By Joe Teagle

New York Times August 12, 1969 edition
New York Times August 13, 1969 edition
New York Times August 14, 1969 edition
New York Times August 15, 1969 edition
New York Times August 16, 1969 edition
New York Times August 17, 1969 edition
New York Times August 18, 1969 edition

Historic Music Festival poorly covered by New York Times

Woodstock is one of the most memorable and important concerts in U.S. history, although you wouldn’t be able to tell by New York Times’ original coverage.

There was little to no mention of the massive festival in the week leading up to the concert. Most news coverage during the week leading up to Woodstock focused on the Vietnam War, President Richard M. Nixon, and the astronauts returning home from the moon.

The first article I found on Woodstock was in the August 15 edition of the New York Times – the first day of the festival. It mentions that 346 policemen who were contracted to usher the event walked off their jobs. It also mentioned the overcrowding at bus terminals and the enormous lines to get to the concert. Most of the coverage on this day had an aura of unease.

“There was little to no mention of the massive festival
in the week leading up to the concert.”

 

New York Times fails to grasp significance of Woodstock Music Festival

On August 16, the second day of the concert, the coverage was mostly about jammed roads. Excessive numbers of people led to completely backed up roads for the entire weekend. The number of arrests, and ways to control the crowds were also discussed heavily. The significance of the event still wasn’t understood, and the primary discussion centered on the inconvenience of Woodstock.

 

New York Times shows up late to massive Woodstock Music Festival

“the young people came in droves, camping in the woods, romping in the mud,
talking, smoking and listening to the wailing music.”

On August 17, Woodstock drew front-page coverage. Again, the music festival was mostly portrayed in a negative light. According to the New York Times, what drove people to the event was “the prospect of drugs and the excitement of making the scene.” A report by the Times described the scene:“the young people came in droves, camping in the woods, romping in the mud, talking, smoking and listening to the wailing music.” The Times also described the unsanitary living conditions during the festival days, the mud-covered teenagers, the badly-manufactured drugs and the lack of food at the event. Youth was portrayed negatively once again on the 17th, with reports describing youths on the road who were “panhandling for narcotics.”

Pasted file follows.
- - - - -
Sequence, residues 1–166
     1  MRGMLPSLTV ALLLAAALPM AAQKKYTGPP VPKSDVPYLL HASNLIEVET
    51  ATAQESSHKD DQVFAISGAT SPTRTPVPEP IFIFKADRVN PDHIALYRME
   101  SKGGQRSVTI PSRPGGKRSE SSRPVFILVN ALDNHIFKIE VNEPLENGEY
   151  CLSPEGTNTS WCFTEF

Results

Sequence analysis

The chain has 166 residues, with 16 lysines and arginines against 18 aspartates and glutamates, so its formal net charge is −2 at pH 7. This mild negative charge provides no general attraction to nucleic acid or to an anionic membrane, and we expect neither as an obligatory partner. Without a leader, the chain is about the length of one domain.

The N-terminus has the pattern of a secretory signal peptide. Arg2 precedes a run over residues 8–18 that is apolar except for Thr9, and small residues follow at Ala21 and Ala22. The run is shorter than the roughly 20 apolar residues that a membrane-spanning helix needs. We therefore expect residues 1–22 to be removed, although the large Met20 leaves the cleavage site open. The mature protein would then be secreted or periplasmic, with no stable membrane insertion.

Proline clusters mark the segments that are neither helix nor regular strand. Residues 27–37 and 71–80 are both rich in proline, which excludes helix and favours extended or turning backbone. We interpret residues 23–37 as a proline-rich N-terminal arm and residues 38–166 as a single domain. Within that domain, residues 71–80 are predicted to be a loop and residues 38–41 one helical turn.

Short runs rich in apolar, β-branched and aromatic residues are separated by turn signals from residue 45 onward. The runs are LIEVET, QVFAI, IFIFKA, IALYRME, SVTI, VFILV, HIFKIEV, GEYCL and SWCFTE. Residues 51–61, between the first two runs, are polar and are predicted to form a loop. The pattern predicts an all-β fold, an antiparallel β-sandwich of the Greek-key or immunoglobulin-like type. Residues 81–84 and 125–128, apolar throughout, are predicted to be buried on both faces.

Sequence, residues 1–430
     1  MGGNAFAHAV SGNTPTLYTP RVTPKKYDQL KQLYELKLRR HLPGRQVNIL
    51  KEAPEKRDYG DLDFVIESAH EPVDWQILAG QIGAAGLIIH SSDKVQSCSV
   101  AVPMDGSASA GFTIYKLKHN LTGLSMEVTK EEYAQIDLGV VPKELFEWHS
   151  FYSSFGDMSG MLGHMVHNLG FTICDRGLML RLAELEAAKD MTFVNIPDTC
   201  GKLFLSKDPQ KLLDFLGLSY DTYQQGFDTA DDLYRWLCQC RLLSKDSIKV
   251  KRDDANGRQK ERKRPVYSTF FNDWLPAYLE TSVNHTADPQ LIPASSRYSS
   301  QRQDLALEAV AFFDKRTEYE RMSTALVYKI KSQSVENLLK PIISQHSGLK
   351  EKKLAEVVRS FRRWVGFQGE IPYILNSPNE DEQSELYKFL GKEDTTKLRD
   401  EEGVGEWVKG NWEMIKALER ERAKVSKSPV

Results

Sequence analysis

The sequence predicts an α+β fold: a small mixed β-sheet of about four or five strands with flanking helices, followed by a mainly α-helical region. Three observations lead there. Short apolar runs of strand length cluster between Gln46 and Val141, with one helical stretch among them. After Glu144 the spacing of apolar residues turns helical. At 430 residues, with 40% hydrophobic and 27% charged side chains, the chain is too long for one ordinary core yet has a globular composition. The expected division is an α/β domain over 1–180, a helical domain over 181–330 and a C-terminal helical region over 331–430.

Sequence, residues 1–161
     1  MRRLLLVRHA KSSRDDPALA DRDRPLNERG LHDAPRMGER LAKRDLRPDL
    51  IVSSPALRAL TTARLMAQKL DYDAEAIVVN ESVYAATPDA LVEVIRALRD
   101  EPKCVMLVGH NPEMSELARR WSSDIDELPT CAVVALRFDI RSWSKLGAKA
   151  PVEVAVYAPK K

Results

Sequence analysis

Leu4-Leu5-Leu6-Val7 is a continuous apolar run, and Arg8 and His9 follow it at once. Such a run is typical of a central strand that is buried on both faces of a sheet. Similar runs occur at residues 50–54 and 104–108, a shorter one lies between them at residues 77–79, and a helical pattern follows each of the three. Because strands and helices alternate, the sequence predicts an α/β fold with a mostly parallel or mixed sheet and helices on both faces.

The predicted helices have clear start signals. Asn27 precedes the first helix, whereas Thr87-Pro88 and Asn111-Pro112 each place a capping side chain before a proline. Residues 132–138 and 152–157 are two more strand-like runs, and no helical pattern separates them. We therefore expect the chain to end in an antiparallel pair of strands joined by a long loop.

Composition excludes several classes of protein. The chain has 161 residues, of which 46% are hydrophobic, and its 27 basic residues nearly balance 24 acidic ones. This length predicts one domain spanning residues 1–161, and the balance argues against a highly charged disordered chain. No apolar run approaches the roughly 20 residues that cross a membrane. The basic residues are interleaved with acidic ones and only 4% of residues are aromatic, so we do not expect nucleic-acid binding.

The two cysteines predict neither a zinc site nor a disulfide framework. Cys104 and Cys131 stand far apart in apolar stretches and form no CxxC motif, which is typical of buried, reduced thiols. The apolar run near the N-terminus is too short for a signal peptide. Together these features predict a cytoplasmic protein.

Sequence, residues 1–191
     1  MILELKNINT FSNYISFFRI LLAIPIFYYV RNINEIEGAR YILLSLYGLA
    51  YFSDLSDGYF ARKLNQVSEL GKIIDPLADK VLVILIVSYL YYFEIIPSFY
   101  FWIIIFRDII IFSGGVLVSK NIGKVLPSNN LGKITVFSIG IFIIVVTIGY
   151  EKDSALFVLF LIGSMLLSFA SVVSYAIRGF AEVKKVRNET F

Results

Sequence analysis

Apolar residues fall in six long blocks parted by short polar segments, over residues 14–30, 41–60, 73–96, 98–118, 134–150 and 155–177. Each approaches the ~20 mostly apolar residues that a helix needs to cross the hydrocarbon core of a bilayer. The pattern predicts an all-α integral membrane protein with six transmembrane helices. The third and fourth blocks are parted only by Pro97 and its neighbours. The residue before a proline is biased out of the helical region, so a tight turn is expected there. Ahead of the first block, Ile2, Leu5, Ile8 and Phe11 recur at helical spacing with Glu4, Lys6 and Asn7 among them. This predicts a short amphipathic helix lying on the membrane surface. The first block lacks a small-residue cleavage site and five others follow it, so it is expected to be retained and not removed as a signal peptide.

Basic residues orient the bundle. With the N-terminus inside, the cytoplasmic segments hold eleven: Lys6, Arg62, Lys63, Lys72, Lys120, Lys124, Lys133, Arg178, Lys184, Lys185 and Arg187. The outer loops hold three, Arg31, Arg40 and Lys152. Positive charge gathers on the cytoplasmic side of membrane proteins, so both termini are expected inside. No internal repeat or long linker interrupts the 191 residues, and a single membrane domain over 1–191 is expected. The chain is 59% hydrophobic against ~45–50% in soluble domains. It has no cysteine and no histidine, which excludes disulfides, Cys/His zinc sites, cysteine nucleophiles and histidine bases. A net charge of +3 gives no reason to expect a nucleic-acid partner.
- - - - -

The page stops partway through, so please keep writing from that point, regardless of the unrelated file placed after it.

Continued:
Many attendees left early, so there were several interviews in the the Times on Aug. 17th. One girl remarked “we’re vestiges of our former selves.”

“My husband and I just wanted to see what it was.”

The Times did a good job of showing both sides of the story on Aug. 17, offering both positive and negative aspects of the event. One woman who was quoted remarked, “My husband and I just wanted to see what it was. We thought it would be pretty music and pretty land to camp on. But it’s terrible. I wish we could get out.”

The New York Times should have strived for more evenhanded coverage of this event. It was only on the last day of the event that “the other side of the story” was told. Throughout the event, reporters should have gathered more interviews and investigation. Perhaps interviewing youth in the week leading up to Woodstock, as well as getting negative reactions from policemen and parents would have produced more informative stories.

Click here for a collection of Woodstock movie clips, covering several of the famous musicians.

Swami Satchidananda giving the opening speech. The crowd at Woodstock was massive. Photo credited to Mike Goff.

Swami Satchidananda giving the opening speech. The crowd at Woodstock was massive. Photo credited to Mike Goff.

 

Swami Satchidananda giving the opening speech. The crowd at Woodstock was massive. Photo credited to Mike Goff

Joe Teagle is a senior at Texas State University. Email him or follow him on Twitter.

« »